His concept artist father Brian envisaged Dark Crystal’s mythological land of Thra with Jim; its landscape is based on his own home in Dartmoor. A book Brian wrote to accompany the film, delving deep into the myths only touched on in the original story, has served as the bible for the new series.
Froud’s mother Wendy is also on board. She helped create the original puppets (and met Brian on the set of the original film) and the pair are working behind the scenes with their son for the series, which will go deeper into this mythical world of kind-hearted Gelflings who can share dreams with each other, evil Skeksis who drain the life force out of other beings and cheeky little Podlings who hate being washed.
While the film was set at the end of the Gelfling civilisation, with the small, friendly creatures almost all murdered by the Skeksis, the 10-part series is set generations earlier, before the epic battle to come. It focuses on three main Gelflings – Rian, Deet and Bria – who all learn that something has gone wrong in the world they know. The Dark Crystal, the source of all life on Thra, which is controlled by the power-hungry Skeksis, is malfunctioning. Separately, they hear about the desperate measures the Skeksis have taken to retain their hold on Thra.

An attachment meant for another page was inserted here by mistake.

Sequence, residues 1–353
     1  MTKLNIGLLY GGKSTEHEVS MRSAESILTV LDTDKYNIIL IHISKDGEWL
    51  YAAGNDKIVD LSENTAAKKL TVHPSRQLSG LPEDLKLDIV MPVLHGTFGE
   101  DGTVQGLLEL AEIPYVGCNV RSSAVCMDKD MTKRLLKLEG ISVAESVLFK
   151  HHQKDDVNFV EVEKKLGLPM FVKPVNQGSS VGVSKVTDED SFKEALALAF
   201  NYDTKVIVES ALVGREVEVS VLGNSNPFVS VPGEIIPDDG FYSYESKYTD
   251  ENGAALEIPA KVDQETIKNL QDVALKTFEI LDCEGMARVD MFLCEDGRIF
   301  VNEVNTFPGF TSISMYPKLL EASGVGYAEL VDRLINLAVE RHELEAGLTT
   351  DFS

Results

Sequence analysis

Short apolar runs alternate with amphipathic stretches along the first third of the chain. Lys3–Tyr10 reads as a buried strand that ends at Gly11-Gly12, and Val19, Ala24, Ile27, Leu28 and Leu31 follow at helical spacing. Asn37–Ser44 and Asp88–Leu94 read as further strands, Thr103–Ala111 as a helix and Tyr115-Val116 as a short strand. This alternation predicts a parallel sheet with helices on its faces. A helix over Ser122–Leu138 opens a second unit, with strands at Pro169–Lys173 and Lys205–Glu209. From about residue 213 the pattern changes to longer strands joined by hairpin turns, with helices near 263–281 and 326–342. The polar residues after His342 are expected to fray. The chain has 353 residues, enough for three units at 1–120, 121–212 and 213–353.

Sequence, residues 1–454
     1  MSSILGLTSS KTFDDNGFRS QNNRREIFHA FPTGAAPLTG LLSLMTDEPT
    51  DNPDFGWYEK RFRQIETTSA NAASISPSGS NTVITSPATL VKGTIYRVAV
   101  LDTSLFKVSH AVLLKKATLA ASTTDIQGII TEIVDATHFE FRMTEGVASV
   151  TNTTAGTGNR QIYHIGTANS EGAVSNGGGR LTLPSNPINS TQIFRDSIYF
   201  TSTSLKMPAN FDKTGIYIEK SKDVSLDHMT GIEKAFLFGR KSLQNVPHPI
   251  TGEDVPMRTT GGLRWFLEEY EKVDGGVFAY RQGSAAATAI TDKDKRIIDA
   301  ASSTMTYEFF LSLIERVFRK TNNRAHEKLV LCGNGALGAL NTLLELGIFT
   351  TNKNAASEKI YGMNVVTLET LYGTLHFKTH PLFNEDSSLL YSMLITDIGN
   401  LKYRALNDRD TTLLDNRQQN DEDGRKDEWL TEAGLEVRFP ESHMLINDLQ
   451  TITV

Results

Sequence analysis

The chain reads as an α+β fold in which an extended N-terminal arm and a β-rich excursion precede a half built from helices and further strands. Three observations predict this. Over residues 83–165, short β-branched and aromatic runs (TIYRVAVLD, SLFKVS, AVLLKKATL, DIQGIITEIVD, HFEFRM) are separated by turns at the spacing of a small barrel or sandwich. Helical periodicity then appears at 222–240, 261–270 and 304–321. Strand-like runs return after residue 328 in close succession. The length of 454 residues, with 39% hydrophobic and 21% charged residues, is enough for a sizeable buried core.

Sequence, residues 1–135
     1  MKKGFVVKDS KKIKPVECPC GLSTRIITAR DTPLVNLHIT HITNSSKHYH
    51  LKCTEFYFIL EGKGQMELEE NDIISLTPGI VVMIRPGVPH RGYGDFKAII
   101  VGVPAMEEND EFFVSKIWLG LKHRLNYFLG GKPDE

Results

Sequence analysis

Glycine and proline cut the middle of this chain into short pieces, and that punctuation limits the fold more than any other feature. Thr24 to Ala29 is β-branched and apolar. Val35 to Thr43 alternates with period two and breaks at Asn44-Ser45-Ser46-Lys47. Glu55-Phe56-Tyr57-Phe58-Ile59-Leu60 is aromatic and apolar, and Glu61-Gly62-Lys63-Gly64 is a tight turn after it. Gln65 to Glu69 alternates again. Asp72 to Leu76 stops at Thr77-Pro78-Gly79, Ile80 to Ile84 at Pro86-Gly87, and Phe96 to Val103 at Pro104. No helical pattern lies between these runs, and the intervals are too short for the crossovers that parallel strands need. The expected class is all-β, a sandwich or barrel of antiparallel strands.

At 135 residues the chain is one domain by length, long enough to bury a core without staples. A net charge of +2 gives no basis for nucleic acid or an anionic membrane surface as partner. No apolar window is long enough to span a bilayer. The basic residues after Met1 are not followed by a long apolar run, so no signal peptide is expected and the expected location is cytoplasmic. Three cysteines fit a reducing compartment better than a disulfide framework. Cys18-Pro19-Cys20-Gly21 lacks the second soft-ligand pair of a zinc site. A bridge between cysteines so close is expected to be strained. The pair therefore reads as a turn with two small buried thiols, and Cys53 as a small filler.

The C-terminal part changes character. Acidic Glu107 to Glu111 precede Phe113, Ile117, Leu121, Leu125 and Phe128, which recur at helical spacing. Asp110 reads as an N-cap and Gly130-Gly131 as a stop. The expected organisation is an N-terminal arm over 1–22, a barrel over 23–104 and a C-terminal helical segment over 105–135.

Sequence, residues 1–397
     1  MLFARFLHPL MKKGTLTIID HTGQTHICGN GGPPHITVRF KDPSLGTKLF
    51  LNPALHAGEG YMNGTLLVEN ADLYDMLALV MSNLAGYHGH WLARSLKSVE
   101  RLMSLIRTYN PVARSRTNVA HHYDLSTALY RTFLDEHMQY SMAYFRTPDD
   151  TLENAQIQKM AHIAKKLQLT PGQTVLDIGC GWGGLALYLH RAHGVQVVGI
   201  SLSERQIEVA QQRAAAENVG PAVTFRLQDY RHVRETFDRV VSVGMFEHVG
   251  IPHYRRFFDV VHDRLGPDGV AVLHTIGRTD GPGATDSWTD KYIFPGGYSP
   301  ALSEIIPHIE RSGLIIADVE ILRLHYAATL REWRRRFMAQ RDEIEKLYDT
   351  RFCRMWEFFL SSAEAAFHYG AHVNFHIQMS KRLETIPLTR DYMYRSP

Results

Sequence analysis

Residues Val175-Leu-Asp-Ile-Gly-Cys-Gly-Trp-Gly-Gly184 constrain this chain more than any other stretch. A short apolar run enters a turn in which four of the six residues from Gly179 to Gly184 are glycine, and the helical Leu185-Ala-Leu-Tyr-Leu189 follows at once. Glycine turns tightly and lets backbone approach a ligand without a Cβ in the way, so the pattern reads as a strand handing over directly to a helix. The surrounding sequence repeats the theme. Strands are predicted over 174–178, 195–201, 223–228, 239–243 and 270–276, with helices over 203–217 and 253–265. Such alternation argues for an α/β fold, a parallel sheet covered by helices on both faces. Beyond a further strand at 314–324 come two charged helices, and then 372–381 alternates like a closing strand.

Recreating the world of The Dark Crystal has been a long-held dream for Henson. “I’ve been wanting to do something with this for around 15 years,” she says. “It has been a great passion of mine. The original movie was such a complete fantasy world; it felt like there was a reality to it, a history.’
While filmmaking has moved on so much since the original movie was made, the ethos of the series has been to stick to what is essentially a very sophisticated version of the ancient art form of puppetry. “This is pure puppetry,” insists Henson. “I want people to get excited about puppetry again. The characters are animated from within and that gives a real unity and authenticity to their performances, which makes it different from computer animation.”